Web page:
“The vision is to reconnect people, fish, land and water in altered landscapes. The big question is HOW we will pull this off. Decisions ripple through time. So it is imperative that we replace short-term thinking with a long-term view that extends out 50, 100 or more years. Instant gratification and quarterly reports are examples of the worst kinds of short-term thinking. That is what we have to replace with a career perspective. It takes a career to figure things out. And then we have to pass that understanding and wisdom on to the next generation,” stated Kim Stephens.
LIVING LAKES CANADA – COLLABORATING TO PROTECT WATER IN A CHANGING CLIMATE: “If we don’t build this water balance approach to support subsequent water budgets, we’re not going to be prepared for what potentially could be an exponential drop in water supply,” states Kat Hartwig, Founder & Executive Director, Living Lakes Canada
Climate change impacts and the need for increased water monitoring to fill important data gaps have been well documented in several studies over the past decades. “One of the things we were interested in was looking at how we could fill those data gaps and how we could support local government and Indigenous water monitoring priorities because there are such limited resources for collecting and sharing data. So we set out to build an open source data hub. Now we’ve got the platform built, we’re training groups to upload their data, and we’re receiving feedback from groups and provincial and local governments to ensure we’re supporting their needs,” stated Kat Hartwig.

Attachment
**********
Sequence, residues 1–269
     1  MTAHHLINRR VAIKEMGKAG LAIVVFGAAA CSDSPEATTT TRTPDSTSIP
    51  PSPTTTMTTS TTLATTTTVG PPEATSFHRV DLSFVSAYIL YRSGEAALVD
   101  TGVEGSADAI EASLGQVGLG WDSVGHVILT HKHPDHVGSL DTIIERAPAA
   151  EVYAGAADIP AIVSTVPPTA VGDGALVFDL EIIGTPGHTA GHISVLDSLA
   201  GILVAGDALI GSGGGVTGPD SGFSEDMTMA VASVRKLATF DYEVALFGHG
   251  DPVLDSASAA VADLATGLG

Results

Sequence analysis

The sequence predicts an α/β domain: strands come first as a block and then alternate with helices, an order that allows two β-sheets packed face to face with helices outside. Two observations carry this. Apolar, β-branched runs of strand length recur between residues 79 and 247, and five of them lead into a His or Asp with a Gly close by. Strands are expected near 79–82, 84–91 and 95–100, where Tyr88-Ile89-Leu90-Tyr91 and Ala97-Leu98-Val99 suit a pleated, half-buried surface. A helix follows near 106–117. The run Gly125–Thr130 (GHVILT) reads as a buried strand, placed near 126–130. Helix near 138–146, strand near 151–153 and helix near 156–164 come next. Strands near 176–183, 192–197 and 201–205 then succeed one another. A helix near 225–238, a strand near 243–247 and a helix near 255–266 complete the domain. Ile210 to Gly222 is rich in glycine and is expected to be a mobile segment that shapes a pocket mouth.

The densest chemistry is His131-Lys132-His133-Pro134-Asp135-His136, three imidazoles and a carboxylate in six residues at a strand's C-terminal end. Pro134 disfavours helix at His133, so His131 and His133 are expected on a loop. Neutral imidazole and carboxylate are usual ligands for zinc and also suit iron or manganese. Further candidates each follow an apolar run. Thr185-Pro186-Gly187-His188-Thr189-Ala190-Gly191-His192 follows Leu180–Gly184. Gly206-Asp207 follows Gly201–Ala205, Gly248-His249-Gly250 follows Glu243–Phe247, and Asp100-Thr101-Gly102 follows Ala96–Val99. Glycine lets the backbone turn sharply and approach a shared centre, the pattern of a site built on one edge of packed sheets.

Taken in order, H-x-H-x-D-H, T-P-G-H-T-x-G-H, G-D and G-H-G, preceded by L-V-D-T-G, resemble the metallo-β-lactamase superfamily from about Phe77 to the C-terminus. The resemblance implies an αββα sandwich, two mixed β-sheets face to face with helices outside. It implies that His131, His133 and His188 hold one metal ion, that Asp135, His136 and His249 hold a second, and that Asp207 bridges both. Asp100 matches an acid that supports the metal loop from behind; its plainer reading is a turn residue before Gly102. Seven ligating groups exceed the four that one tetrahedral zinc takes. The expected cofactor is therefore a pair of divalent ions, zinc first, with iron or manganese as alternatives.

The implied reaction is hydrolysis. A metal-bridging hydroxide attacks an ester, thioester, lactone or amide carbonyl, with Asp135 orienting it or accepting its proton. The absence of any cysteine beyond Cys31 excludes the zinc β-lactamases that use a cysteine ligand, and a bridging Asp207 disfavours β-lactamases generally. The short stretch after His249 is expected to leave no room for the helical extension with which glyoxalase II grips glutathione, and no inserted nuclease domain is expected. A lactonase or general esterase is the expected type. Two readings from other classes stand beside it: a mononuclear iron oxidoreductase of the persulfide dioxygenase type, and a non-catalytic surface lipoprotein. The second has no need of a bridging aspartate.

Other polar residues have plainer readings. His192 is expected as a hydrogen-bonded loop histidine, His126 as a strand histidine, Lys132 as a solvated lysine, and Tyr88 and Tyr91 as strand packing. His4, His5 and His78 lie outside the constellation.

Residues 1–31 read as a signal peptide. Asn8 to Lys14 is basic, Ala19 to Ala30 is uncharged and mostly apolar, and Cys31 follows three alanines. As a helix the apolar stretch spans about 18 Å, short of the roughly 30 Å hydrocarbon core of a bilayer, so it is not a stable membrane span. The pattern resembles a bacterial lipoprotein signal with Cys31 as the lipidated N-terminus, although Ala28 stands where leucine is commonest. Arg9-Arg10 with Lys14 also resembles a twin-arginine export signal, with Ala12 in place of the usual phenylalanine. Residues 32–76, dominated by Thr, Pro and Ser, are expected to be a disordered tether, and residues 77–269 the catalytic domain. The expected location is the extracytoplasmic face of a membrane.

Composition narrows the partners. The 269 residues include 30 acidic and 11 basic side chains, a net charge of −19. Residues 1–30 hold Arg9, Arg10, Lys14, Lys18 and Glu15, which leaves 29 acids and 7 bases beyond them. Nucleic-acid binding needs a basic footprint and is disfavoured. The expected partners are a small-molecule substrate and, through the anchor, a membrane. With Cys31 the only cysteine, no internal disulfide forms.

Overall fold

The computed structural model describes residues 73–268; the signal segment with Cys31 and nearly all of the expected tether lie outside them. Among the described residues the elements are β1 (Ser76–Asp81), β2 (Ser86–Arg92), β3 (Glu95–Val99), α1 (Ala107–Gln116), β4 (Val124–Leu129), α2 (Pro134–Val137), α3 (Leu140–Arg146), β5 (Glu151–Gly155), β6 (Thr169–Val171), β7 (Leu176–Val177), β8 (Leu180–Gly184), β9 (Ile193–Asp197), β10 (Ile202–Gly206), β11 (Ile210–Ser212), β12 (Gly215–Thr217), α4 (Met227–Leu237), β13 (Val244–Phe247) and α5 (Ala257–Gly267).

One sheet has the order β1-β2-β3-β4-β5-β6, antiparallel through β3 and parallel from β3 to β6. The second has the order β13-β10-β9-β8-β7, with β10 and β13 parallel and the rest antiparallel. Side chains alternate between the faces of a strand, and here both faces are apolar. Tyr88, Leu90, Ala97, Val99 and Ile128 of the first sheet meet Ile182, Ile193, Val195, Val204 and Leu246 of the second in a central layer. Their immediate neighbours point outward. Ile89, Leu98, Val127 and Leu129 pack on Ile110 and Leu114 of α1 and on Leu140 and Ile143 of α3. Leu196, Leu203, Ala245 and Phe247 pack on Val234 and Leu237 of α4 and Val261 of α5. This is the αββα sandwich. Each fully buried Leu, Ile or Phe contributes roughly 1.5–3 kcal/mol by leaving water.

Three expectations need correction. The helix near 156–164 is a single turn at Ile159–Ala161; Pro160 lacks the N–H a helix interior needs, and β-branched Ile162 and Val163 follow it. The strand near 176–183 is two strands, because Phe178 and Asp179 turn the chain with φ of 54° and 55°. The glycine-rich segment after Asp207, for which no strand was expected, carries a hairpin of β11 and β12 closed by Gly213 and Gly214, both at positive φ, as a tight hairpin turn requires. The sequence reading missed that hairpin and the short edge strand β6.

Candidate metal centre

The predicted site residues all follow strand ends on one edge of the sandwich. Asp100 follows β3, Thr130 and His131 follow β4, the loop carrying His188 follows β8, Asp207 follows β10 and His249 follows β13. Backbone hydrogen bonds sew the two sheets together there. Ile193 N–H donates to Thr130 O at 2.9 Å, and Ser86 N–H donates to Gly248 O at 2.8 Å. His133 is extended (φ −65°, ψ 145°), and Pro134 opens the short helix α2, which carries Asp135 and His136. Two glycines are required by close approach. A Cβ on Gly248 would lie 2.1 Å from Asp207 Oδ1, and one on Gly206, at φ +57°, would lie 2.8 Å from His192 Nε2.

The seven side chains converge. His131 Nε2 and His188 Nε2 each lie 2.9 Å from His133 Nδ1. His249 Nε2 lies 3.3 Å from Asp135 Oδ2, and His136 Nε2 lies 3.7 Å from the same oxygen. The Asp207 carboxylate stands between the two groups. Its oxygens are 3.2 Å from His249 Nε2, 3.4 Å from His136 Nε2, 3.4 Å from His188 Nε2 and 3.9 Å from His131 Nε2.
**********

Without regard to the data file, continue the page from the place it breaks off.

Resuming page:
ACHIEVING WATER BALANCE: a set of videos provide an audio record of the “Water OUT = Water IN workshop” held in April 2005 – the event launched the Convening for Action in British Columbia initiative and also fulfilled a provincial government commitment flowing from the 2004 Drought Forum
“We documented the day by recording it on video. Posted on YouTube, the videos provide a readily accessible record, for posterity, of where our minds were at in 2005. Expressed another way, the videos provide a window into the thinking behind the messages that the members of the workshop team presented. The viewer can listen to and reflect on the words as speakers explain each of their PowerPoint slides. Thus, we envision the videos being of historical value for future researchers,” stated Kim Stephens.